Pastor Mark Smith

As Christian men, we are called to be ministers for Christ. Regardless of our gifts from God, our talents, our abilities, or our occupation, we are called to advance the gospel and to edify Christ’s church. We’re all called to ministry, and ministry for the Lord Jesus Christ can be a discouraging endeavor for each of us, at times. It is in II Corinthians 4 that the Apostle Paul twice encourages us with these words: “We faint not” (4:1, 16). In making such statements he implies that faithful Christian ministry will often have its discouragements and times of defeat. Though we “faint not,” we are frequently tempted to.

The things that discouraged Paul are often the same things that discourage each of us as men regardless if we are a pastor, an evangelist, a missionary, or an “unknown” worker in the church. Let me ask you a few questions. Have you ever had relationship problems in the church you attend? Have you ever loved other Christians who didn’t return that same love? Have you ever endured criticisms regarding your ministry abilities or your integrity? I have found in my twenty-five years of being saved and my fifteen years of pastoring the same church that ministry can surely be tough! Add to that, physical trials, normal busyness, and financial pressures and you will have the perfect recipe for discouragement. As discouragements grow, remembering four gospel-centered truths from II Corinthians 4 will protect us from throwing in the towel in the last round of ministry for Christ.

1. Ministry for Christ Is a Privilege (4:1)

The gospel we believe and advance as Christians is a powerful and glorious message. In II Corinthians 3 we learn that our ministry exceeds what Moses experienced at Sinai where his face literally shone. How did we come to have this ministry? Simply by the mercy of God (4:1). When we are weary in ministry we should recall that knowing the gospel, being in Christ’s church, and ministering the gospel to others are privileges.

2. Ministry for Christ Is Not about Us (4:2-6)

All Christian ministry will involve some rejection and apparent failure. It is in those times that we are tempted to tamper or mess with the gospel message itself (4:2). Why is that? Because we feel that softening God’s message will increase our popularity. If we respond that way, we must ask ourselves what our motive for ministry really is. Men, when we are weary in ministry, we must recall that ministry is about Jesus Christ, and not about us. Our labors should be a straight up and straightforward exaltation of Christ, and not some underhanded effort to exalt ourselves. If we forget about ourselves, God may use our undiluted gospel message to open up spiritual eyes that are blind to the glory of Christ (4:3-6).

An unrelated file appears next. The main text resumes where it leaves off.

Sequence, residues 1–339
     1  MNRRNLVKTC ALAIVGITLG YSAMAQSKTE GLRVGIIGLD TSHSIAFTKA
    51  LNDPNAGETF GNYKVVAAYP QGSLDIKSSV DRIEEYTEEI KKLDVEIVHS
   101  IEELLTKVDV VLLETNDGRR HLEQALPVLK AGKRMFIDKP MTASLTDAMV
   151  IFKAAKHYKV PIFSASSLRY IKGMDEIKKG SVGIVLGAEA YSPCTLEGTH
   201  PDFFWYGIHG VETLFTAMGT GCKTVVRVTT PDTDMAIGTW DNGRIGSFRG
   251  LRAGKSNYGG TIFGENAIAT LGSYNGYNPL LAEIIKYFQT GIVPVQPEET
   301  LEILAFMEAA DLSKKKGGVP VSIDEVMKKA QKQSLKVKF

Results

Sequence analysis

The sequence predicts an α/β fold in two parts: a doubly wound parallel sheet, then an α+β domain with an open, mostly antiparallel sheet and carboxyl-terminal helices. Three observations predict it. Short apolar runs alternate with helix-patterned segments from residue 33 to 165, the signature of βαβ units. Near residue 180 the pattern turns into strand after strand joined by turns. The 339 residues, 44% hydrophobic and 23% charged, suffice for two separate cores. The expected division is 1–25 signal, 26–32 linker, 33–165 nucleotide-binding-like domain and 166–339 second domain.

3. Ministry for Christ Will Look More Like the Cross (4:7-15)

It is an amazing thing that Paul compares each of us to a little clay pot (4:7). His point is that we are all common men, not impressive. I believe the more we look and feel like a clay pot, the more people will pay attention to our message rather than us. As God allows things to come into our lives to trouble us, perplex us, persecute us, and cast us down (4:8-9), He is conforming each of us to the crucifixion of Christ (4:10-15)—an unimpressive death that resulted in a very fruitful resurrection. Hey, men, the next time we are feeling a bit weary, a bit faint, remember that our ministry is supposed to look like our message: power in weakness.

4. Ministry for Christ Ends Well (4:16-18)

Let each of us men take heart, and faint not; for whatever ministry is “killing us”—making our outer man perish(4:16)—is not permanent! And Jesus tells us the reward will far outweigh the affliction (4:17). As the songwriter has said, “It will be worth it all when we see Jesus.”

Sir, are you prone to discouragement because of the hardships in your ministry for Christ? Then listen: Join the club. For hundreds of years since the days of Paul, faithful Christian men in normal churches have struggled with being faint and being discouraged. If we are to keep going, then let’s remember that ministry is a privilege, that ministry is about Christ, that ministry will look like the cross, and that the hardships of ministry will not last forever.

It is my prayer, that even today you will let the gospel message encourage you during your hard times of ministry for Christ.